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Court of Appeal, First District, Division 2, California.

The PEOPLE, Plaintiff and Respondent, v. Aaron D. NICHOLSON, Defendant and Appellant.

Cr. 18290.

Decided: November 16, 1979

Howard J. Berman, Berman & Glenn, San Francisco, for defendant and appellant (Under appointment of the Court of Appeal). Evelle J. Younger, Atty. Gen. of Cal., Jack R. Winkler, Chief Asst. Atty. Gen., Crim. Div., Edward P. O'Brien, Asst. Atty. Gen., Ann K. Jensen, Franklin D. Elia, Deputy Attys. Gen. San Francisco, for plaintiff and respondent.

On appeal from a judgment of conviction for lewd and lascivious conduct upon the body of a child under the age of 14 years appellant contends that the sentencing court erred in committing him to prison on this count since he already had commenced serving a lesser term on a different count, and that the court also erred in sentencing him on a lesser included offense. Neither claim has merit.

The Evidence

On August 30, 1977, the victim, S., an 11-year-old girl, decided to leave home because of a disagreement with her mother. She went to the home of a 16-to 17-year-old male friend; among those present was appellant, aged 18. When S. informed appellant that she was 13 and that she had run away from home, he said she could stay at his place. She accepted the invitation because she did not want her mother to discover her whereabouts.

Appellant and S. watched television in his home most of the afternoon in the company of his sisters and a friend of theirs. When the others left at about 5 p. m., appellant asked S. whether she “would do something if a friend asked,” and she responded that it depended on the question. He led her by the hand to the den where he told her to take off her clothes and to get down on the floor. She stated that she had to go to the bathroom. He accompanied her and threatened to kill her if she tried to close the door.

They went back to the den. S. was crying because of the death threat. Appellant then threatened to hit her in the head with a bottle if she did not shut up. When he threatened her with a hammer she got down on the floor. She lowered her pants; and appellant lowered his, got on top of her, put his penis “just a little” inside her vagina and “was bouncing up and down on (her)” for “five or ten, fifteen minutes.” S. cried throughout the incident.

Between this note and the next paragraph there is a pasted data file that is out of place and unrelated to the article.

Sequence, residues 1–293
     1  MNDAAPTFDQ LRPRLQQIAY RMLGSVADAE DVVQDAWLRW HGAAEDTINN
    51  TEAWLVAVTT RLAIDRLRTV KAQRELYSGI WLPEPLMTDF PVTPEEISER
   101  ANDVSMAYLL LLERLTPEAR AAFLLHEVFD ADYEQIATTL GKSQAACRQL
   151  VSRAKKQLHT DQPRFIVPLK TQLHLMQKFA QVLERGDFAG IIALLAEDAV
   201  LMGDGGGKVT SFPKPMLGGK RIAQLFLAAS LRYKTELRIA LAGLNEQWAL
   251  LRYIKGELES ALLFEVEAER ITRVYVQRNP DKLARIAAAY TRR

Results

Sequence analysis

When it was over appellant told S. to dress and to braid his hair, which she did. He took a knife, held it to her neck, and told S. to go back to her friend's house and that if she told anyone what had happened he would kill her. S. thought she was going to get into trouble, so she told no one of the incident for two and one-half weeks. The day after the incident appellant told an acquaintance that he had intercourse with the victim (“knocked that bitch”).

Appellant denied threatening or molesting S. in any way; he admitted hitting her when she called him a homosexual.

Double Jeopardy Allegation

Appellant was charged in Count I with lewd and lascivious acts upon the body of a child under the age of 14 years (Pen.Code, s 288), and in Count II with attempted unlawful sexual intercourse (Pen.Code, ss 664, 261.5). After hearing the above summarized evidence a jury found him guilty of both counts but recommended a county jail sentence as to Count II.

On February 21, 1978, the trial court (Hon. Howard W. Hartley) found that appellant was not a mentally disordered sex offender. He then heard argument on appellant's motion for new trial which was based on the allegation that the court erred when it failed to instruct the jury that the crime charged in Count I was a lesser included offense in Count II. In the alternative appellant moved that the court dismiss Count I.

The court stated that the first count more accurately reflected what had happened than did the second, and said, “I think the Court at this time is going to dismiss Count 2.” However, after further discussion the court changed its mind and decided to “suspend judgment” on Count I while “proceed(ing) only on Count 2.” After further discussion the court took the matter of sentence on Count II under submission, suspended proceedings, and committed appellant for diagnosis and recommendation pursuant to Penal Code section 1203.03.

Judge Hartley retired while appellant was under this commitment. The matter came before Hon. Gerald E. Ragan on April 25, 1978, at which time counsel on both sides reasserted their positions regarding the proper disposition of the two counts.

On May 3, 1978, after further argument, Judge Ragan rendered his decision. He found that appellant had engaged in one continuous course of conduct involving one victim but two distinct violations the attempted unlawful sexual intercourse, and the violation of section 288. He noted that he was bound by the jury's recommendation of commitment to county jail as to the “statutory rape,” but found that he had the power to suspend imposition of sentence on the “lesser charge . . . and sentence on the more serious charge.” Accordingly he struck Count II (ss 664, 261.5) and sentenced appellant to prison for the middle term of four years on Count I (s 288).